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EWG Seeks Records on White House, EPA Retreat on Chemical Safety Initiatives

Contact: 
(202) 667-6982
alex@ewg.org
For Immediate Release: 
Friday, November 15, 2013

Washington, D.C. –The Environmental Working Group has submitted Freedom of Information Act requests to the White House to learn whether industry improperly influenced the government’s decision to drop two proposals to strengthen public health protections from toxic chemicals. The Environmental Protection Agency withdrew the proposals in September after they had been bottled up at the White House Office of Management and Budget for more than a year.

“Once again red tape appears to have choked EPA efforts to enhance environmental and human health protections, forcing EPA to go back to the drawing board,” said Thomas Cluderay, EWG’s General Counsel.

Under the leadership of former EPA Administrator Lisa P. Jackson, the agency had launched two initiatives to protect the public from toxic chemical exposures, relying on its limited authority under the weak federal law known as the Toxic Substances Control Act. In 2010, EPA proposed a regulation to establish a short list of chemicals thought to pose a risk to public health. Then in 2011, the agency set out to require chemical companies to disclose more information about their products.

As required by law, EPA submitted the proposals to OMB’s Office of Information and Regulatory Affairs, the White House’s powerful gatekeeper that oversees rulemaking by federal agencies. The proposed rules never cleared OMB, and on Sept. 6, EPA surprised the public interest groups by abandoning the effort. Officials said the rules had been made unnecessary by other steps EPA had taken and that requiring companies reveal the identity of chemicals in health and safety studies submitted to the agency would cause industry to stop providing its studies.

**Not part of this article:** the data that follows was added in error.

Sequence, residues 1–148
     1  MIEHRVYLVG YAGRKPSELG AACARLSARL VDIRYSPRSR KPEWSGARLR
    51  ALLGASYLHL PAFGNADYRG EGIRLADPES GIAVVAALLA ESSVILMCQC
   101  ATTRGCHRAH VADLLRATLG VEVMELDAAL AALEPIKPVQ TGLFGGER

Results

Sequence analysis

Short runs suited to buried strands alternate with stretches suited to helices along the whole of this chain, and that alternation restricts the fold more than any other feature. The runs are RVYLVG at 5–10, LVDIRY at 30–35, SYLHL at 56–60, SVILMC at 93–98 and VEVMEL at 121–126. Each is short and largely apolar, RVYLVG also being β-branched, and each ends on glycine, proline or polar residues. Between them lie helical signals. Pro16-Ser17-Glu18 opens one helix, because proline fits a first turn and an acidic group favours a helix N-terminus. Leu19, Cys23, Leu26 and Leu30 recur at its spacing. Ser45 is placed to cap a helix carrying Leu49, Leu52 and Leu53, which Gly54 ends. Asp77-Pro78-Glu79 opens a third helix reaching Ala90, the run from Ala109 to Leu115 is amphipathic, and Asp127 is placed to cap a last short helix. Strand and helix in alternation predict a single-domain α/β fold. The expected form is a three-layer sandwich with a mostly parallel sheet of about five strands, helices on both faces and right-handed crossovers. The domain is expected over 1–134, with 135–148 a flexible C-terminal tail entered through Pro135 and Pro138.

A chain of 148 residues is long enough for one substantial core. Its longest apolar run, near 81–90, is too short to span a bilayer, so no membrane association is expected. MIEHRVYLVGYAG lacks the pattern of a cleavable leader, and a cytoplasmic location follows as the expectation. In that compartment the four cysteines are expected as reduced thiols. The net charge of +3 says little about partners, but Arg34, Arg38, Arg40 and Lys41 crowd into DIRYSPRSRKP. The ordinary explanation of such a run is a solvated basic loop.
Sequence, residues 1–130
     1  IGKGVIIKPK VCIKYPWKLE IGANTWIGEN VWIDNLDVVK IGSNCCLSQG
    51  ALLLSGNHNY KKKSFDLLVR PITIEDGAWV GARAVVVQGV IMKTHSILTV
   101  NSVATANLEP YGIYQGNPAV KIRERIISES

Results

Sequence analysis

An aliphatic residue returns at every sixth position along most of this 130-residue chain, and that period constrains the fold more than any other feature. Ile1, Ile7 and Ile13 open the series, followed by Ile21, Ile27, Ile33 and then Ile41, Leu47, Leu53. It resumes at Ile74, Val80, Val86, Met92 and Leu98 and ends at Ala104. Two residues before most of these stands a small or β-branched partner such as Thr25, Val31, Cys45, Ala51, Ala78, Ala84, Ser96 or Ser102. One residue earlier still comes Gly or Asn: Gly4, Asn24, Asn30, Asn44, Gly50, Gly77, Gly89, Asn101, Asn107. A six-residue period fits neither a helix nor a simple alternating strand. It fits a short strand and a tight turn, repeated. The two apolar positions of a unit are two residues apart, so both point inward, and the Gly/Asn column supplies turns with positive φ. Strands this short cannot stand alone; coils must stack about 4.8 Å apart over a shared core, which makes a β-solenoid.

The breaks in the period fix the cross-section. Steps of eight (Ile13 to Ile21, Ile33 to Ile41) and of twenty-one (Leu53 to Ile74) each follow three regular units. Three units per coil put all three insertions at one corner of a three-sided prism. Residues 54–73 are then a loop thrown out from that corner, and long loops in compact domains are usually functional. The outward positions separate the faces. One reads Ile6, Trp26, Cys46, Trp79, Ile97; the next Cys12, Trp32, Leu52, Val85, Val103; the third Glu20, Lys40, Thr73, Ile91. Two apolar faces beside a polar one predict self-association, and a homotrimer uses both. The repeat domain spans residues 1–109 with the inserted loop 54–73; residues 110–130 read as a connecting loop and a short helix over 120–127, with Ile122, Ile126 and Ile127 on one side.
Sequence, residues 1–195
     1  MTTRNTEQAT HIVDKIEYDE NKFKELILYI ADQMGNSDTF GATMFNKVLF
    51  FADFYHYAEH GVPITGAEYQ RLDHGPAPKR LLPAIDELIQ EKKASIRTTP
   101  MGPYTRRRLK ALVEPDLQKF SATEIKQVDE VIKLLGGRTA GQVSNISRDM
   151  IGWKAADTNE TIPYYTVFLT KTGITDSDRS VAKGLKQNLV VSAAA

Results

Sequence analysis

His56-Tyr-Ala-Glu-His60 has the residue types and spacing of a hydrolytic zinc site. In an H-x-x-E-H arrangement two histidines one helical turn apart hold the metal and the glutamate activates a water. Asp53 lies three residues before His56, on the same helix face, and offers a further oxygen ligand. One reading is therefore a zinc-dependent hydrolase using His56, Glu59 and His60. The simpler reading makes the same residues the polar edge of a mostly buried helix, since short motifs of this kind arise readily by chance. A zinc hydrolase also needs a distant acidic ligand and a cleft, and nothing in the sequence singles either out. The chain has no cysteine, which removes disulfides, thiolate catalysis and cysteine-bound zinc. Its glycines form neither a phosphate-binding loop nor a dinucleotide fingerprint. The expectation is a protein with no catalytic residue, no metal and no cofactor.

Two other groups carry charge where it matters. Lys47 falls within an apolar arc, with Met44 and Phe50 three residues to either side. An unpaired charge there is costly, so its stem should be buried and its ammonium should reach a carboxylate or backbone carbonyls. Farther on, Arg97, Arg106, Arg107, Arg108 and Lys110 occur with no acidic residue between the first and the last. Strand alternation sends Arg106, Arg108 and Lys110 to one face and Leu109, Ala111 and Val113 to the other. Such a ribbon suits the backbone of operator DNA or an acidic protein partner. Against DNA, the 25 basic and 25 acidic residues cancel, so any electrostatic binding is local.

The public had no opportunity to weigh in on either initiative because they were never published for public comment, but White House records show that OMB met with a host of special interests to discuss the rules, particularly representatives of the chemical industry.

“The public deserves to know what hand the chemical industry had in pressuring OMB to hold up, and EPA to fold on, these efforts to protect public health,” added Cluderay. “EWG will use the requested records to answer that very question.”

EPA’s backpedaling is particularly relevant to the ongoing debate over reforming the Toxic Substances Control Act. The chemical industry is backing the proposed Chemical Safety Improvement Act of 2013, a deeply flawed bill that, among other defects, would expand companies’ ability to keep information about chemicals confidential.

EWG’s requests for the records are available here and here